Do I agree with it when I see a fat woman write a lesser-fat woman’s experience off because she can buy clothing off the rack?  Absolutely not.  As I stated in my first paragraph, I have a strong belief in unity bringing strength.  I guess my point is, ultimately, that going to the gym or playing video games for 14 hours straight does not make it any more or less okay to be fat, so we should we separate the two?  In every group, there will always be those who smash stereotypes as well as those who perpetuate them.  We should not villify those who perpetuate stereotypes– that will detract energy from what we all actually want, which I thought was acceptance and respect.

As for me?  I’m probably like most people, I fall somewhere between “Good” and “Bad” on the fatty scale.  I really don’t spend too much time worrying about it.




5 responses

10 01 2011

You misunderstood my post. I’ve long argued for the inclusion of “bad fatties” in FA — see my other post, “Bad Fatty Revolutionary.”

I was framing the general understanding of the thrust of FA by those who are explicitly anti-FA. This is *their* understanding. This wasn’t about disincluding “bad fatties,” as it were — it was about busting myths. In the “we do not revel” is the suggestion that there is no “we.” There is no generalization.

I think the way to understand this post is to turn it completely around and make all those into positive, rather than negative statements. I.e., “we do” instead of “we do not.” It turns into the anti-FA argument, which is essentially a way to dehumanize us, to turn us into a group of traits. I challenged that group of traits by throwing it back at them — and illustrating how ridiculous it sounds to be so characterized.

10 01 2011

Ah, yes, okay. I had not read enough of your blog to glean all that. Sorry to have lumped you in with some others. I do still see blogs with the sentiments I talked about– and I respect that they may not be as far along as others. I still have my own struggles. There are times I feel threatened by thin women. I truly wish that wasn’t the case.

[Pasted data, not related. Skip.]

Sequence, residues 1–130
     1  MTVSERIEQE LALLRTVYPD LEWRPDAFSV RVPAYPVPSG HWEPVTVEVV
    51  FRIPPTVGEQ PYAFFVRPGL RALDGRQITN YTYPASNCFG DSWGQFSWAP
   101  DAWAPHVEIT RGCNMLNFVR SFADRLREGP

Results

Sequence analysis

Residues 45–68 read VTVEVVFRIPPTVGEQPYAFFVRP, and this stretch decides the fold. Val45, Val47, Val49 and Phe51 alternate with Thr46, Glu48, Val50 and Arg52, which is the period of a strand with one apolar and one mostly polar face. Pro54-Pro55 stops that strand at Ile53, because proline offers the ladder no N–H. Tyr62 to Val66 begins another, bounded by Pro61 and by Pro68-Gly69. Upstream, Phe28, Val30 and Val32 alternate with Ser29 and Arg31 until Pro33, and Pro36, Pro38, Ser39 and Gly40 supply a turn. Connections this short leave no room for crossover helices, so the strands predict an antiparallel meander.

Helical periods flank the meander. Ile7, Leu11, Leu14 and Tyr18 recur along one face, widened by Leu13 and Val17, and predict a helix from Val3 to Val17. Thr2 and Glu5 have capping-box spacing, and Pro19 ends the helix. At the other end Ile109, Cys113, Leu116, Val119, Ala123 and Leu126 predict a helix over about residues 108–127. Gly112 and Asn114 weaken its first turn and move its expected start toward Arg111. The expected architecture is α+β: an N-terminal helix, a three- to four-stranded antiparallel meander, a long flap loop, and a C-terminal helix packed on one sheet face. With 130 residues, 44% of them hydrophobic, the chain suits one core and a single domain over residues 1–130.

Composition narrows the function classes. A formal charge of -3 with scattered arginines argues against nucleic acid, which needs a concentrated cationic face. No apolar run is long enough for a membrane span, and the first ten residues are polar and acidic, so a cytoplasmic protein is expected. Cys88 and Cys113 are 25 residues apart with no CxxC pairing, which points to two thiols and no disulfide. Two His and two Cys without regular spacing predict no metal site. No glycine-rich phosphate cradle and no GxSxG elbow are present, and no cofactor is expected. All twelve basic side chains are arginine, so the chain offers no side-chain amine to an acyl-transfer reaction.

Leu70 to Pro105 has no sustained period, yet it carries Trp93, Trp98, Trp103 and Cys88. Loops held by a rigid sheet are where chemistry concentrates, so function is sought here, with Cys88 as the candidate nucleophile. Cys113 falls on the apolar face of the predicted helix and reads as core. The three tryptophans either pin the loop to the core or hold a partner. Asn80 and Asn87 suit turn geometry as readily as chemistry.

Thank you for being understanding. 🙂 “Bad Fatty Revolutionary” is wonderful and I will probably post a follow-up tomorrow and link to that entry.

10 01 2011

Oh no, of course! 🙂 I perhaps should have made my noted disclaimer at the bottom of the piece more detailed…I’ve been in FA long enough to know that my more satirical stuff can be misconstrued.

And yes, I’m with you on the pro-good-fatty blogs. I always think, “So since I’m fat I should be hyper-focused on what I’m eating and how much I’m exercising?” Just, no. The point of FA is that I shouldn’t have to change my behavior at all if I’m fat, thin, inbetweenie, and so on.

And btw, it also tears me up when Beck argues for autonomy on the one hand and then promulgates wrong-headed assumptions concerning fat on the other. But hey, at least he’s not saying that fat people should be regulated out of existence, unlike some of the anti-fat progressives out there!

10 01 2011

By the way, have you considered joining Big Fat Blog’s forums? In my opinion they tend to be more open to the libertarian viewpoint than most of the Marxist-Progressive FA blogs out there.

I post there fairly frequently.

10 01 2011

Ooh, no, I haven’t joined their forums. I’ve kind of fallen off the forum bandwagon lately, for lack of decent places to flap ma’ jaw.

Thanks for the suggestion!